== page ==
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May 22, 2014


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Dr Rodney Ford

Karen Broussard
Here is my open reply

I entirely agree with you that support groups of celiac disease and gluten sensitivity should work together. I'm sure both groups agree.
Both groups are promoting a gluten-free diet, I call this a gluten-zero diet, to emphasise the need for zero tolerance for gluten in your diet.

However, the disagreements are real and I believe that they are generated by factual errors and lack of knowledge.

1) I would like to state that most people who are gluten sensitive DO produce antibodies to gluten (this is contrary to your statement). There is a large literature on this. AGA (anti-gliadin-antibodies) are also recommended in the Fasano paper the "spectrum of gluten related disorders", for the celiac and gluten sensitivity work-up. I use them on a day-to-day basis In my Clinic, and so do many other practitioners. it is likely that gluten sensitivity is an immune mediated condition. However, the putative proteins have yet to be identified.

2) I agree that people with celiac disease, and people with gluten sensitivity, have an identical list of symptoms. They are also equally harmed by gluten. My recommendation for people with gluten sensitivity is to be zero gluten. You suggest that cross contamination may not so important for gluten sensitivity. However, most of my gluten sensitivity patients would strongly disagree with you. Most are exquisitely sensitive to gluten.

3) You state categorically that "celiac disease and gluten sensitivity are two very distinct conditions". I think that it would be more accurate to say that the only difference between the two conditions is that the people with celiac disease have the capacity to develop intestinal damage (villous atrophy) at the end stage of celiac disease. Celiac disease is a progressive illness. Early on in the development of celiac disease, the person may have significant symptoms, they may have elevated AGA antibodies, but they may have no evidence of intestinal damage. At this stage these two conditions are indistinguishable.

4) How early can you diagnose celiac disease? Do you have to wait until there is substantial intestinal damage so that you can make the classic diagnosis with villous atrophy? Or do you keep on eating gluten until the damage has occurred? Or do you go strictly gluten zero and not know if you are gluten sensitive or have early celiac disease? The HLA gene (DQ2/DQ8) cannot be used as a casting vote. it is my recommendation to abandon gluten as early as possible and not wait until you have substantial intestinal damage which may never heal.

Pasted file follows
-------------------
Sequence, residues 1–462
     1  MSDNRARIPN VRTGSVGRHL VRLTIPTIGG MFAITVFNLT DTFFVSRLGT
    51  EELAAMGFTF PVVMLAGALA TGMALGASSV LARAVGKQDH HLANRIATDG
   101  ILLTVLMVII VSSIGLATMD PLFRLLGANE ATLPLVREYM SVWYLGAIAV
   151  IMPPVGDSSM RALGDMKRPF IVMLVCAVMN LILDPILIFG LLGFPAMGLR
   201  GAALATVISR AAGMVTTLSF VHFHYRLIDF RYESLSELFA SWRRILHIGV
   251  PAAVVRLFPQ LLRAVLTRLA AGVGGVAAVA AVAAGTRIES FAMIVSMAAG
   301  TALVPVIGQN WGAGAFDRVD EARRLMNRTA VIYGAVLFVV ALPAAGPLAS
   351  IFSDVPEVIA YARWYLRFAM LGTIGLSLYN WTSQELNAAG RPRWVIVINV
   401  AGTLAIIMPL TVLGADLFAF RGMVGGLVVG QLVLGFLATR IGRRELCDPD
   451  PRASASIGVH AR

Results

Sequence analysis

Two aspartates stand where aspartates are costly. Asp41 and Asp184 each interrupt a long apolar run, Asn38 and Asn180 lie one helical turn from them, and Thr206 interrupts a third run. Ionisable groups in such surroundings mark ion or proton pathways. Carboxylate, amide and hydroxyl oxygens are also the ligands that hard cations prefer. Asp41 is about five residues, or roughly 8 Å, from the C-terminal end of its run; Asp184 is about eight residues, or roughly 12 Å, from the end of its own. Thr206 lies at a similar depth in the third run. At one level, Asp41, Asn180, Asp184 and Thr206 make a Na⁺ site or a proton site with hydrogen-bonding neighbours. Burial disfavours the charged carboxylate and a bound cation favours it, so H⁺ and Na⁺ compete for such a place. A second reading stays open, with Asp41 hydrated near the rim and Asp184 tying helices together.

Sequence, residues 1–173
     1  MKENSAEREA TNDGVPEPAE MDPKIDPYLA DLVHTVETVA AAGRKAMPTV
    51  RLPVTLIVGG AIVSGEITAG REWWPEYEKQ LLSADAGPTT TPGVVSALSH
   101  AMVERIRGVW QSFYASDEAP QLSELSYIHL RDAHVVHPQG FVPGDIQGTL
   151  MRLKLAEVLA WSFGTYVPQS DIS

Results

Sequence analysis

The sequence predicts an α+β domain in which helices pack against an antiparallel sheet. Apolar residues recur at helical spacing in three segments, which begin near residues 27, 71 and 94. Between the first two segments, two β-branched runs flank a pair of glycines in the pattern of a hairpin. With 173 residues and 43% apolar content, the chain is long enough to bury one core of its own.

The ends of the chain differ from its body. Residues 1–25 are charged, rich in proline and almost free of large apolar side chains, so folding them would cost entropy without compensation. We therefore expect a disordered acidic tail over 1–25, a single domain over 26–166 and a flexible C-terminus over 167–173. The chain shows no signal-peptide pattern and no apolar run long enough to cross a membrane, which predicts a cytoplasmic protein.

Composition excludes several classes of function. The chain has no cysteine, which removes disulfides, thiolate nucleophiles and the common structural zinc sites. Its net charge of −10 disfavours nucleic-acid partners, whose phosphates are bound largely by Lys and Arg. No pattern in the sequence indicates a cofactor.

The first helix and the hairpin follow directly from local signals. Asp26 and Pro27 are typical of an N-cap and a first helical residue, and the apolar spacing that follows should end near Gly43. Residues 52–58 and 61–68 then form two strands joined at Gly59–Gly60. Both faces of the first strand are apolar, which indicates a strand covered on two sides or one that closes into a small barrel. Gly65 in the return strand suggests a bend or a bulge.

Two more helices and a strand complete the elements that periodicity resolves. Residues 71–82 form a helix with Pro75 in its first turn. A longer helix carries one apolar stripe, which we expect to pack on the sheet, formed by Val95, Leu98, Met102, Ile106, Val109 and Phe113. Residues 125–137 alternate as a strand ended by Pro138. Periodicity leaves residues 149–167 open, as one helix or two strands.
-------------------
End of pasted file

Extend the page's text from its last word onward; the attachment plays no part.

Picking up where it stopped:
5) Not only is the gluten intolerant community (ehis includes celiac) confused about gluten. Also, the medical fraternity is confused. The science and clinical issues are rapidly developing whilst most medical practitioners are still looking for the classic celiac with weight loss, malabsorption, and a bloated tummy. Many people request celiac tests of their GPs but are denied the test. The community is much more aware of gluten related disorder than medical practitioners.

Yes, there are a lot of issues to think about. These illnesses that are related to gluten are complicated and tricky. My prediction is that increasing numbers of people will adopt a gluten zero diet. However, almost certainly it is much more than the chemical gluten that is making us sick. It will take a long time to unravel all of these strings. Most people are after an easy answer. But I'm sure that it is going to become even more complicated as we learn more.

This is written in the spirit of cooperation and knowledge sharing.
Dr Rodney Ford
Pediatric gastroenterologist and allergist

Heather Jacobsen

Thank you for this letter, Karen.

I fall into the NCGS camp. Whether that’s because I stopped eating gluten ten years before any doctor was willing to test me for Celiac, and thus results were non-conclusive, or because I stopped myself from developing the disease as soon as I was aware that gluten was making me sick… we can never know. But I can say that without a doubt, that the tiniest bit of gluten is no good for me.

And, especially after media blasts like the most recent one that came out about Gluten Sensitivity being all in our heads (http://www.stuffed-pepper.com/is-gluten-sensitivity-all-in-your-head), I often feel even more isolated from the Celiac community, because I don't have an official paper that says that gluten makes me ill. But people like me need the support of the Celiac community, and vice versa, because no matter what illness you want to call it, if gluten is causing you problems, then we are all in this together.

Thanks, as always to Dr. Rodney Ford for his continual work in raising awareness of Gluten Sensitivity, and for elucidating some of the more lesser known facts of the disorder. I'd like to second his point that Celiac Disease may just be the end point of the disorder, and if we can stop more people from developing it, isn't that a good thing?

We are having more discussion on this topic on my blog post (in which I mentioned your post here), in case you want to peak in... (link above).

Sending you a virtual handshake... ;-)

Heather Jacobsen
Stuffed Pepper
You & Me. Beyond Gluten-Free.

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